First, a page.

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“Sound of Redemption: The Frank Morgan Story,” Makes its San Francisco Debut at the “Cry of Jazz” Film SeriesPublished on Thursday, 09 April 2015 05:43
Story and Photos by Shelah Moody
Who: Executive Producers N.C. Heikin, James Egan award winning mystery writer Michael Connelly and acclaimed jazz artist Ed Reed
What: “Sound of Redemption: The Frank Morgan Story,” part of the “Cry of Jazz Film Series
When: 7: 30 p.m., Thursday April 9 and Saturday, April 11
Where: Yerba Buena Center for the Arts, 701 Mission Street, San Francisco, CA 94103
Info: http://www.ybca.org/programs/upcoming/film-and-video, Tel: 415-978-2700
Acclaimed documentary “Sound of Redemption: The Frank Morgan Story” makes its San Francisco debut at the “Cry of Jazz” Film series, presented by Yerba Buena Center for the Arts.
Unsung hero, Frank Morgan, whose life and career were interrupted due to struggles with drug addiction and repeated incarceration (December 23, 1933 – December 14, 2007), is considered one of the most influential jazz saxophonists of his time.
Produced by James Egan and acclaimed mystery writer Michael Connelly (“The Lincoln Lawyer”) and scripted by director N.C. Heikin and Connelly, “Sound of Redemption: The Frank Morgan” made its debut at the Los Angeles Film Festival in June, 2014. “Sound of Redemption” ((2014, 84 min, digital) features interviews, historical footage and stellar performances by jazz greats Ron Carter (bass) Delfeayo Marsalis (trombone), Grace Kelly (sax) and George Gables (piano). See trailer: http://www.youtube.com/watch?v=HKyfGi2MtIQ.
N.C. Heikin, Grace Kelly, Angela Morgan White, Michael Connelly and the cast of a Sound of Redemption: The Frank Morgan Story
Frank Morgan’s family members, including stepmother Florette Morgan and sister Angela Morgan White share their personal memories and provides rare personal insight into the life of the brilliant and troubled jazz icon, who spent much of his life in San Quentin prison in Northern California.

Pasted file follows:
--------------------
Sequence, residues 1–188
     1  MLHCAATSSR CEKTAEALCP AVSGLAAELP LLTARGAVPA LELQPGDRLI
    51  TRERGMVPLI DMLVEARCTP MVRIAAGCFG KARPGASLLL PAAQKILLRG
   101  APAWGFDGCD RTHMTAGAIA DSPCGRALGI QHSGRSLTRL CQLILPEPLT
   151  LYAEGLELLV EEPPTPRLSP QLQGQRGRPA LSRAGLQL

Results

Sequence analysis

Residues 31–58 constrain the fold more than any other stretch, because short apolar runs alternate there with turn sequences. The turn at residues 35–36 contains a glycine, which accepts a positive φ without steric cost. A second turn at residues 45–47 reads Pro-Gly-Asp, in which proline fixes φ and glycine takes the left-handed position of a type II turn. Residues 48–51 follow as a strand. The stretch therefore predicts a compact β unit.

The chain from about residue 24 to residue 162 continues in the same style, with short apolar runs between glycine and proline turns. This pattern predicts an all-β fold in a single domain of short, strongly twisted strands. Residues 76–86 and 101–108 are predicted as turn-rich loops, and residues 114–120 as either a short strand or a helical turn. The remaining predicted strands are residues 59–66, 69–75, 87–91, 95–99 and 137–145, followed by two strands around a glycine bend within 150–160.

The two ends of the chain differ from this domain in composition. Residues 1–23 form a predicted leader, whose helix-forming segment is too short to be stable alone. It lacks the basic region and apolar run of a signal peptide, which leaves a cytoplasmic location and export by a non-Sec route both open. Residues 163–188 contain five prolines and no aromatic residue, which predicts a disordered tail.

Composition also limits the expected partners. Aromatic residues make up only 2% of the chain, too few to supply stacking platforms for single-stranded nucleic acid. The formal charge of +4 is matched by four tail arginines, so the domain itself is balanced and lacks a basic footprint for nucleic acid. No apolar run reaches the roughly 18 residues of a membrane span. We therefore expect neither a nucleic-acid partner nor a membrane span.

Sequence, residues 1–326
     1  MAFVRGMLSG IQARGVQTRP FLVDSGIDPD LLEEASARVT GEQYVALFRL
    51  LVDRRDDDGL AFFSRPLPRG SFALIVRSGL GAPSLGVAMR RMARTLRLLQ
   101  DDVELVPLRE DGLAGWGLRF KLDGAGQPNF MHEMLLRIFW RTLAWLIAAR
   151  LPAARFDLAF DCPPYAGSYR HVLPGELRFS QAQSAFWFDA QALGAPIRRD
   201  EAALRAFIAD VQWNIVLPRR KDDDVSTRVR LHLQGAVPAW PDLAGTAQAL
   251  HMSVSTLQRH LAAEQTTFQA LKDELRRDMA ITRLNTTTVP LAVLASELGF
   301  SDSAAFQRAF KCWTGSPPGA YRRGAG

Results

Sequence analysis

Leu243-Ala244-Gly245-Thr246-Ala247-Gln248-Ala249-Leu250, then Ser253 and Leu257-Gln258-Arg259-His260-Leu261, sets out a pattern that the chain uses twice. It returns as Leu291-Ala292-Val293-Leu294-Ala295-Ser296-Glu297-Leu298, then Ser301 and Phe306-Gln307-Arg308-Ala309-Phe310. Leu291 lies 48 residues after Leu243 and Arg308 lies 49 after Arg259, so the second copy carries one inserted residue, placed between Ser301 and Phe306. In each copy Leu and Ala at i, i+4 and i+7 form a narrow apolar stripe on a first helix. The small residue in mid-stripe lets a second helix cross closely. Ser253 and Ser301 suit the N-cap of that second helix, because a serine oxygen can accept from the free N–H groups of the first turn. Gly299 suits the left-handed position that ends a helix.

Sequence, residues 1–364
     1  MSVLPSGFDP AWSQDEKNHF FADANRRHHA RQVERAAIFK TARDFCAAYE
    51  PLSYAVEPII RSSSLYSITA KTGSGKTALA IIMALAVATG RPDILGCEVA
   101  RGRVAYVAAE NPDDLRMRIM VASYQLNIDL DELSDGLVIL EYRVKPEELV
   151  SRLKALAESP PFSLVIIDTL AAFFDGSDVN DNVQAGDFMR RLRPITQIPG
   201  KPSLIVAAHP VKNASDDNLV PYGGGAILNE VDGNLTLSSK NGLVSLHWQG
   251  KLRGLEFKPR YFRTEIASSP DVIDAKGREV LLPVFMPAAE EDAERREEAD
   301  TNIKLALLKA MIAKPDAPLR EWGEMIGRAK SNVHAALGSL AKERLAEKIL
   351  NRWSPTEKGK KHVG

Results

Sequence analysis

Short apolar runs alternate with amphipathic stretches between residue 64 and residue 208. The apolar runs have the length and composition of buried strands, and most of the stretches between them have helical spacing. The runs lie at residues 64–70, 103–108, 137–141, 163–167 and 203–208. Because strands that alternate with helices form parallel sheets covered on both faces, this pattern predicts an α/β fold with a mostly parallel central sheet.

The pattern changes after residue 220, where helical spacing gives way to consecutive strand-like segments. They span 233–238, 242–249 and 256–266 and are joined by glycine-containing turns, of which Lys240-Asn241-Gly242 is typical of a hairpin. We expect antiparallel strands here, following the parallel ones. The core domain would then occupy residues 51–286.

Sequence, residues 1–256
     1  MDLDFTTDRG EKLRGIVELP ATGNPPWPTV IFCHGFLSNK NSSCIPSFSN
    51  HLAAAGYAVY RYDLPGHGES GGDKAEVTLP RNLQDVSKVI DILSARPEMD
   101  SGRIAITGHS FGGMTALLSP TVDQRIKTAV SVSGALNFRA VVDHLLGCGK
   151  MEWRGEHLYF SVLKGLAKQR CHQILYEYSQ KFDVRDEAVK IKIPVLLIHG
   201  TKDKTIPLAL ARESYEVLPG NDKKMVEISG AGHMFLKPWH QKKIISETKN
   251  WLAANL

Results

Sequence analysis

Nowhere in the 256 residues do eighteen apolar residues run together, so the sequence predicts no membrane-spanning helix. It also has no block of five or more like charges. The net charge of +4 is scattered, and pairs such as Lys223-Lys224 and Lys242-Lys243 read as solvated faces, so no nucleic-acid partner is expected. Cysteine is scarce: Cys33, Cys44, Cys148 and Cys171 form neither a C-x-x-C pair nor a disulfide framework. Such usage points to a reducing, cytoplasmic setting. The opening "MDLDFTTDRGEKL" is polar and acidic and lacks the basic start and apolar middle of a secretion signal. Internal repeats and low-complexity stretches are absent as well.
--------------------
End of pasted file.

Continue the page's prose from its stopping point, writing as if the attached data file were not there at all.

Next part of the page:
“The fact that someone could spend many years of their adult life incarcerated and still have the passion and the desire to play music at a high level, and the ability to articulate and the ability to execute the music at a high level into their sixties and their seventies was a remarkable feat,” said acclaimed producer and arranger Delfeayo Marsalis, who played with Frank Morgan and directed the tribute concert at San Quentin in 2012. “It’s one of those tragic stories that has redemption at the end.”
“Sound of Redemption: The Frank Morgan Story” Schedule:
Thu., Apr. 9, Post-Show Q&A
With executive producer Michael Connelly (author of the Harry Bosch novels), director N.C. Heikin, and jazz artist Ed Reed.
Sat. Apr. 11, Post-Show Q&A
With director N.C. Heikin, producer James Egan, and jazz artist Ed Reed.
IMQPublished on Monday, 23 March 2015 03:14
IMQ leads Streetwise Radio new spring playlist with his hot single "What Love Feels Like".